Outsourcing your business’s IT services and support sounds great on paper.

You have an entire team of technology experts at your disposal who will take care of everything from server patching to issue remediation to upgrade projects to high-level strategy. Meanwhile, you can focus your time and effort on your actual job, not your technology.

Here’s the rub: Technology support is one of those fields with no standard baseline qualifications; there’s no bar exam equivalent. Anyone with decent web searching skills can convince a non-technical audience that they’re a tech expert.

The end result is that the quality of outsourced IT providers falls along a massive spectrum. Some are outstanding. Some – perhaps neither intentionally nor maliciously – are taking their clients for a ride.

To help make sure your business is getting the right return on your IT investment, here are some top warning signs that your provider is ripping you off:
 

  1. You don’t feel like they care about you. If you suspect that your provider isn’t invested in your success, you’re probably right.
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  3. You never see anyone at your office. Whether your systems are on-premises or exclusively cloud-based, you should be getting hands-on, face-to-face support at both a technical and strategic level.
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  5. It’s always a different person working on your issues. Someone needs to “own” your account inside your provider’s firm. This is the only way you’ll get thoughtful support and recommendations.
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  7. You have to oversee their every move internally. This defeats the purpose of outsourcing. Someone in your company will of course need to interface with your IT team. But they shouldn’t have to waste their time riding herd.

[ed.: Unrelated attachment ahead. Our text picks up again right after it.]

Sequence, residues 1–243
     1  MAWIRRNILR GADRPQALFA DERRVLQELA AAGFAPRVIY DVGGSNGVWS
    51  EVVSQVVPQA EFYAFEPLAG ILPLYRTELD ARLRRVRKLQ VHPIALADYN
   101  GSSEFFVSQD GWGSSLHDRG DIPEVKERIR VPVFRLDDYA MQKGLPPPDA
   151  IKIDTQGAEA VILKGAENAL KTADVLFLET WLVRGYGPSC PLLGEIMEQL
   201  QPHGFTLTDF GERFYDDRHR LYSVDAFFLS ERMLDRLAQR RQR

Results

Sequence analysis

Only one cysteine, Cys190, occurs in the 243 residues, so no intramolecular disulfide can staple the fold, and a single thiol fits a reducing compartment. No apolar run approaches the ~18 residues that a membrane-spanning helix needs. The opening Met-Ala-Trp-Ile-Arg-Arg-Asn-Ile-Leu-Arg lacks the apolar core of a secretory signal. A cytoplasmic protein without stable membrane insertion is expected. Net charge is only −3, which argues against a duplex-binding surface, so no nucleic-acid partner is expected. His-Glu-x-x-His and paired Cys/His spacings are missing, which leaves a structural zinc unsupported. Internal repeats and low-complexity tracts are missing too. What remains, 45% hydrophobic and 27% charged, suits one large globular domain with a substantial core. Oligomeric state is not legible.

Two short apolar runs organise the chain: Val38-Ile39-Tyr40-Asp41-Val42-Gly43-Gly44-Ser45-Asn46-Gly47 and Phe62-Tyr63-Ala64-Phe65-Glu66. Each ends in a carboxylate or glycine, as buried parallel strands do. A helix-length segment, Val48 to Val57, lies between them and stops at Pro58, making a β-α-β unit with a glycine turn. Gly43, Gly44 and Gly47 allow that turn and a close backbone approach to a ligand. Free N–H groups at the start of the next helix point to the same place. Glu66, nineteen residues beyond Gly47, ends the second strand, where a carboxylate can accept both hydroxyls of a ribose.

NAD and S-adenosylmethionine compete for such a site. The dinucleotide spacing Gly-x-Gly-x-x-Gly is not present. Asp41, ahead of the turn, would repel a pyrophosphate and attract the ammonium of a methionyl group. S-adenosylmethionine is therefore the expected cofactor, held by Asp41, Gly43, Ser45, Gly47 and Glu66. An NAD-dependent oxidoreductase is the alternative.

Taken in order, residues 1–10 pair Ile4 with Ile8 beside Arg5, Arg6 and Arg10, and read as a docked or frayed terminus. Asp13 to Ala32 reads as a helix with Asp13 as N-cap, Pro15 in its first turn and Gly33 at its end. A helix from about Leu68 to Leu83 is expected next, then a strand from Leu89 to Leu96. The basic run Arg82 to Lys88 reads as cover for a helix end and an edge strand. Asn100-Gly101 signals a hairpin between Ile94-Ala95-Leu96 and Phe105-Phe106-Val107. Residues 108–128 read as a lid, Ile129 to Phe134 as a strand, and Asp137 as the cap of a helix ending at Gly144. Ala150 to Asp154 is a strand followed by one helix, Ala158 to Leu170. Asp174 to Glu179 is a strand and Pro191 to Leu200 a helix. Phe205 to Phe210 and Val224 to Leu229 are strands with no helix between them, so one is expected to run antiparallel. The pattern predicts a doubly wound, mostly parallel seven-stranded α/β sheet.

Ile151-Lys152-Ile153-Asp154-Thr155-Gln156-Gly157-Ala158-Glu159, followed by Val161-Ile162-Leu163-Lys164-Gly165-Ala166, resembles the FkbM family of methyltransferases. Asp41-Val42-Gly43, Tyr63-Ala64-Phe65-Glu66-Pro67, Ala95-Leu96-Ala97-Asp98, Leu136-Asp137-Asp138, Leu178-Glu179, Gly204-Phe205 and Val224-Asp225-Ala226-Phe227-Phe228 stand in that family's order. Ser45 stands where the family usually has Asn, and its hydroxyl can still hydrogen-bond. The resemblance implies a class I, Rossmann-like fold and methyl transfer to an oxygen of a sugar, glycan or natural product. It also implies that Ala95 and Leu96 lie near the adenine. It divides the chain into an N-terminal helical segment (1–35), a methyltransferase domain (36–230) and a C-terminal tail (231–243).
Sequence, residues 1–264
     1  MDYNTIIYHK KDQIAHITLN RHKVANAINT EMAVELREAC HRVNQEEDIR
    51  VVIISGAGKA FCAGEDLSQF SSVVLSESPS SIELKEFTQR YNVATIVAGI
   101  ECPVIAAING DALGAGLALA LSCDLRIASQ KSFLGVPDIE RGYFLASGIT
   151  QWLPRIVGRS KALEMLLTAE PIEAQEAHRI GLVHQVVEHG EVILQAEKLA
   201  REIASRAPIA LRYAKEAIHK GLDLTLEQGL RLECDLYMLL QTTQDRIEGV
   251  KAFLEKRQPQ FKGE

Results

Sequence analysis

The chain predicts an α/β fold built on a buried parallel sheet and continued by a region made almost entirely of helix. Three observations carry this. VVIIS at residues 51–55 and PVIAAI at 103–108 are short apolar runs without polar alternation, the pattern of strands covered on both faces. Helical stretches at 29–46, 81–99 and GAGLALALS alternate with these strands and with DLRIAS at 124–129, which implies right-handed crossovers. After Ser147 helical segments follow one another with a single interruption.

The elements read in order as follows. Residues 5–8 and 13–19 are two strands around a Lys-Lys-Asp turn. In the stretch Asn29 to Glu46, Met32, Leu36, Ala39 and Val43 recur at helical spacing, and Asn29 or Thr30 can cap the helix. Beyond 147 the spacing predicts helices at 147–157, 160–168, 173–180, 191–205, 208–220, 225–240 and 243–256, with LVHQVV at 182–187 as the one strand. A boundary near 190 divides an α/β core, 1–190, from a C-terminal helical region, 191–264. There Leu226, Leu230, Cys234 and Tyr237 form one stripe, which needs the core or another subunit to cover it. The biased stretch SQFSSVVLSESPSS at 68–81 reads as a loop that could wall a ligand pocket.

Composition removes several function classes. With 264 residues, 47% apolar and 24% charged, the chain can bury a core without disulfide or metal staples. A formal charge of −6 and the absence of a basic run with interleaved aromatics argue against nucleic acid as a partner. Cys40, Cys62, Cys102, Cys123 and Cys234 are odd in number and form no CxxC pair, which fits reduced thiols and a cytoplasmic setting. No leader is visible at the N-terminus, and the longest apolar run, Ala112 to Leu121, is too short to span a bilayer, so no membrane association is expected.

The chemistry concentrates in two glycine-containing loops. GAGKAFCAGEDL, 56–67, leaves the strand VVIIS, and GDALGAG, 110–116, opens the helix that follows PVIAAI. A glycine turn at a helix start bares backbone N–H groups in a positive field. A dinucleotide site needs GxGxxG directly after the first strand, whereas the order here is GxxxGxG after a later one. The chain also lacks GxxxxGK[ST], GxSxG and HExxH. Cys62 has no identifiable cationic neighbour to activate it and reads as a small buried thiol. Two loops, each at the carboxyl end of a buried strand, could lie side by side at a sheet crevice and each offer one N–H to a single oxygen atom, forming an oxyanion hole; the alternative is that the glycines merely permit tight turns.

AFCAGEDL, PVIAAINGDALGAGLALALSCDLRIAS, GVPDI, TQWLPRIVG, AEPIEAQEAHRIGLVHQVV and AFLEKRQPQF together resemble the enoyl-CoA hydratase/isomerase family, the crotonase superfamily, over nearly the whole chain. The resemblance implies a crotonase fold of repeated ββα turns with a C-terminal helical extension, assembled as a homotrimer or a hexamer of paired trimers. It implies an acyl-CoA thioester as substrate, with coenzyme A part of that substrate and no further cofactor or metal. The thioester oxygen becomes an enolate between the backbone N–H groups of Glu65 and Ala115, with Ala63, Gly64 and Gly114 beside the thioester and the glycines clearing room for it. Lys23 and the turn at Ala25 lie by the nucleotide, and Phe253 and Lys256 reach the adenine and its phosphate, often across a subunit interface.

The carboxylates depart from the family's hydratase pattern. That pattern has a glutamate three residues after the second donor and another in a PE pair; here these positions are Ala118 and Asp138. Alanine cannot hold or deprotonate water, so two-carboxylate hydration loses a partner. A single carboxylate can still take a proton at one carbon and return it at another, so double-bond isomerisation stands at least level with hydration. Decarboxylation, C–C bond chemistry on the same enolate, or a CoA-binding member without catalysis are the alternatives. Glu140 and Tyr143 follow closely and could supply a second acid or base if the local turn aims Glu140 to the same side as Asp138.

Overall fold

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  9. Your systems keep breaking. At some point, technology will break. This should be the exception, not the rule.
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  11. The more your systems break, the more money your provider makes. Your provider should not have a blatant financial incentive to not solve your problems.
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  13. Your people can’t work without some kind of issue cropping up. Your technology should drive your business objectives forward, not hinder them.
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  15. You’re buying tons of new equipment and don’t know why. There is rarely ever one option with technology upgrades. If you’re presented with a massive hardware investment and no alternatives, be wary.
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  17. People look at you funny when you say you aren’t in the cloud. Cloud computing offers incredible advantages as far as security, reliability, mobility, flexibility, and scalability. If you aren’t leveraging these benefits yet, there needs to be a compelling reason why.
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  19. You’re on Windows 7 and you haven’t been approached with an upgrade plan. After January 14, 2020, Windows 7 machines will be highly vulnerable to a security breach. The time to plan your transition is now — not when it becomes an emergency.
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  21. You don’t get a yearly IT budget. There’s no reason you should be caught unawares by spikes in support costs or huge upgrade costs. IT investments can be predictable.
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  23. “Tech” has become a 4-letter word in your office. Water cooler talk should revolve around fun weekend plans and good business ideas, not how terrible your technology and your IT people are.

 
If these symptoms sound familiar, there’s good news: there are companies out there who can take better care of your technology, your people, and your business.

As you work to identify which provider is the best fit for you going forward, here are some good questions to ask during the interview process, and here’s how you can identify whether a firm will provide truly “proactive” support.
 

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